Wednesday, January 7, 2015

Never Settle for Hotdogs

Here's my obligatory sentence about being humbled and honored to write to this fine list of subscribers. May I add that I often thought this system was rigged? Many lottery winners seemed intimidatingly poignant and I assumed winners flaked out, forcing the creators to scramble to find excerpts from long-forgotten philosophy textbooks and angsty tumblrs.

Anyway, I now have more faith in the list and am very real and very much from Southern Indiana. My name is Bradley and I want to share with you a sentiment I seem to repeat a lot in my personal and professional life.

My father always enjoyed using analogies when explaining things to me. He always, like the good father he is, prodded me to do bigger and better things. One of my favorite analogies that I tend to share is about dating. When I was in high-school, I always wondered if the girl I was currently dating was "the one." I came to my father with this and he immediately asked me if I liked hotdogs. I of course responded that I did and didn't understand how this was pertinent to my question. He then asked me if I liked steak. And, again, I told him I did. He then explained that many people go through life eating and enjoying hotdogs while there is uneaten steak all around us. As cheesy as it sounded, I really began to understand what he was saying and never stopped thinking about it in this manner. I began to second guess every single thing I was doing, hoping it wasn't hotdoggian in nature.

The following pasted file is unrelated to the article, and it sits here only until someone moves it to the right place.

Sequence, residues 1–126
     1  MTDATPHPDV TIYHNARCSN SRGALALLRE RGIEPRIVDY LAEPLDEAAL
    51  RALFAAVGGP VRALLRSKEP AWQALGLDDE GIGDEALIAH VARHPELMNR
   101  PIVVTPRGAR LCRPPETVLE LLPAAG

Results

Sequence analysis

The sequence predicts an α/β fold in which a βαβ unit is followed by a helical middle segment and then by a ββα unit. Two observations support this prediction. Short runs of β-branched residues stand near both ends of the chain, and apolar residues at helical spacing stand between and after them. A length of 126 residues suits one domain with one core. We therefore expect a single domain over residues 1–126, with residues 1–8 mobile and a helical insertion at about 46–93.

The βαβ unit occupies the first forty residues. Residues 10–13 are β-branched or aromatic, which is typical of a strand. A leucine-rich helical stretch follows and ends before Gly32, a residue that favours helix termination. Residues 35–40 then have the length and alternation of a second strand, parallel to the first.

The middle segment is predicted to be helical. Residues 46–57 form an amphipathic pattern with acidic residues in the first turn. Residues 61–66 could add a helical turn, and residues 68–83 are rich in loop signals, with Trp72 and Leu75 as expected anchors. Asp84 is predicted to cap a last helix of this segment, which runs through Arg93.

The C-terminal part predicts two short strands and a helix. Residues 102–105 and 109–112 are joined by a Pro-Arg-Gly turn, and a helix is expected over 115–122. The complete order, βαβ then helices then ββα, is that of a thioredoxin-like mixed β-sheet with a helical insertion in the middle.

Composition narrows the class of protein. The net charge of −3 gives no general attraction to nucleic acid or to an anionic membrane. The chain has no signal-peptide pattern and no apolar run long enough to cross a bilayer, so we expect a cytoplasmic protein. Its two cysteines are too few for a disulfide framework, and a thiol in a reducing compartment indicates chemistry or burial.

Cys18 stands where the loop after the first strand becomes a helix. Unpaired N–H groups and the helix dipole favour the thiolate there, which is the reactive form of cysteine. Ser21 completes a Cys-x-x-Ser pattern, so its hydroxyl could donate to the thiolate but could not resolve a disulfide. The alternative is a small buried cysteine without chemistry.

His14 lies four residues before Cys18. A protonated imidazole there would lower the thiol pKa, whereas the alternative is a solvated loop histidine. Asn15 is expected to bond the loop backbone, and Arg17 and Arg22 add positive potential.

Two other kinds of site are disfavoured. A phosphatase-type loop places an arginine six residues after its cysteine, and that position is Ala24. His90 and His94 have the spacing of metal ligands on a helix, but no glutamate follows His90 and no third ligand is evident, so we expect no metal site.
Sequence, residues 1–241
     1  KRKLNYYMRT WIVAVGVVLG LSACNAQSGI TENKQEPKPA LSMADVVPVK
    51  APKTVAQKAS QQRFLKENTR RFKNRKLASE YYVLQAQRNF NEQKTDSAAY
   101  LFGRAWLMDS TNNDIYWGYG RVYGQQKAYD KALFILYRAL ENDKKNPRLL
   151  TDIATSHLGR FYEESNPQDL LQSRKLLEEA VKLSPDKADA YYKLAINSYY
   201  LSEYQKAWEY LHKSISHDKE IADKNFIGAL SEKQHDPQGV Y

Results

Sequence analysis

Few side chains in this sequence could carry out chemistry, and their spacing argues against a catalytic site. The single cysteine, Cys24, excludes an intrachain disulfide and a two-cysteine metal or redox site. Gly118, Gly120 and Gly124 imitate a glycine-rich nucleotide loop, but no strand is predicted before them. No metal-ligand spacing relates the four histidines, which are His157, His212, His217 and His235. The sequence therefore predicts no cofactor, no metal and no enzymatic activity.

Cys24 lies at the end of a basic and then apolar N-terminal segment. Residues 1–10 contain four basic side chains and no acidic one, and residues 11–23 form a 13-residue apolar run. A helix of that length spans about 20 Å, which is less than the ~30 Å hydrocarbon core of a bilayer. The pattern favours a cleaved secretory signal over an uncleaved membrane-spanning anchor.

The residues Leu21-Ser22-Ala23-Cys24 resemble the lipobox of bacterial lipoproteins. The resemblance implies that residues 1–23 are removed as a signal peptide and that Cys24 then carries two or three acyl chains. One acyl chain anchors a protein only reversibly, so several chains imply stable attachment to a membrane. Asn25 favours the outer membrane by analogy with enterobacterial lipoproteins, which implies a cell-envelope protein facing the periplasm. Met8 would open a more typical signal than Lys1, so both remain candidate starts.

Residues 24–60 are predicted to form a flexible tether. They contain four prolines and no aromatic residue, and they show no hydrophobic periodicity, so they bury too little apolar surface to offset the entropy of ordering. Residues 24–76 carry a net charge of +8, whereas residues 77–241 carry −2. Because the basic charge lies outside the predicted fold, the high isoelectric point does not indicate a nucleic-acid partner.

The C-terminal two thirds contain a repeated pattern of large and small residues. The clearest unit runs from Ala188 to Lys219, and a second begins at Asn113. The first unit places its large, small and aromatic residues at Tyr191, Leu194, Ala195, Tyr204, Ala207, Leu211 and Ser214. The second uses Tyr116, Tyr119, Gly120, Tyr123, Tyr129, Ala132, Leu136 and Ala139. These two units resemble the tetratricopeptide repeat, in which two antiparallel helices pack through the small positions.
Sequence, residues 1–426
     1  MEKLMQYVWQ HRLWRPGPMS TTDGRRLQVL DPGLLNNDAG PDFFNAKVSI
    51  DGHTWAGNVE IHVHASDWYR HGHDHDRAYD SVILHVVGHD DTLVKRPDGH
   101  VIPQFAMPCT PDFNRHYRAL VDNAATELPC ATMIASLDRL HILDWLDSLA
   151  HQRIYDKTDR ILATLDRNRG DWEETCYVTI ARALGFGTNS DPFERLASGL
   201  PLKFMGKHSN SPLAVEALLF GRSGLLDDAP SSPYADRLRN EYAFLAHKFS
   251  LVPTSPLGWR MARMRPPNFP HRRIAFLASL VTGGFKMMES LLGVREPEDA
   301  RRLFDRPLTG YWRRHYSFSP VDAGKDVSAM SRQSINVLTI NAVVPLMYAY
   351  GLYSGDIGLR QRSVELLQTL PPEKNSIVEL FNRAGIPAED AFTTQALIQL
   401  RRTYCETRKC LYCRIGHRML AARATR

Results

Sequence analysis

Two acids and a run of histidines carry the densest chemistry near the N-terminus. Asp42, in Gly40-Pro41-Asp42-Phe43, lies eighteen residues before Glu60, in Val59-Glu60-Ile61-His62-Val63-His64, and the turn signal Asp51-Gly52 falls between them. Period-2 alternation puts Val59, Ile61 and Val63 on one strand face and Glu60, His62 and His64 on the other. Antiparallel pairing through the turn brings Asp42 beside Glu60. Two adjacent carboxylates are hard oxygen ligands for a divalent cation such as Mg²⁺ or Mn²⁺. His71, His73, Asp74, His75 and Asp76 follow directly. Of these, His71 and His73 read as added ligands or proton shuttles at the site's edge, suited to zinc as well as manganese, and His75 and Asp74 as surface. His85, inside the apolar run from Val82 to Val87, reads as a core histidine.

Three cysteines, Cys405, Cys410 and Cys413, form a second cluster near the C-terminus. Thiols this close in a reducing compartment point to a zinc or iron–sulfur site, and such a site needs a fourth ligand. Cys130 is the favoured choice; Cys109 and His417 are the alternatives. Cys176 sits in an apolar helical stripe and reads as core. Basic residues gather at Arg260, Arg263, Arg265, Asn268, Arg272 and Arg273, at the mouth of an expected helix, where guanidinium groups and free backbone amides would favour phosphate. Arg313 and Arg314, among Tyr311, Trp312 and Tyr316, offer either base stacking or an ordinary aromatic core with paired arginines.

I work as a counselor at Job Corps. For those who aren't familiar, 16-24 year olds from all over the country are given a federally funded scholarship to get their high-school diploma and a trade of some sort. It is very common for 22 year olds to arrive on center with the reading and math ability of a 2nd grader, no concept of money or discipline, and no place to call home. Despite the incredible opportunity, a very large % of students leave the center and go back to living at home, unemployed and uneducated, eating allegorical hotdogs. My job is to beg and plead them not to do so. If they just give the program even 6 months, they could change their lives and future generations' lives. Unfortunately, I lose this argument more than I win it, and I'm a pretty persuasive guy.

I also tend to see my peers marry into loveless relationships. It's what they're used to, what they know. I beg and plead with them to break things off, try some steak! I'm often looked at like some lunatic, because we aren't supposed to tell people to break a loveless relationship, especially when it isn't hurting anybody. As long as there isn't rampant drug activity and physical abuse, we allow our loved ones to commit their lives to soul-sucking monsters. We let our incredibly bright peers stay at a job that is beneath them.

Break up with your awful significant other, go back to school, quit your job, buy a plane ticket, take a risk, and find your steak. As generic as it sounds, this type of mental attitude can change your life and your best friend's.

Please contact me. Tell me your dream, your idea, your issue. I will listen with my comically large ears.

Bradley Davis
autofcaeiountrol[AT]gmail.com
Evansville, Indiana

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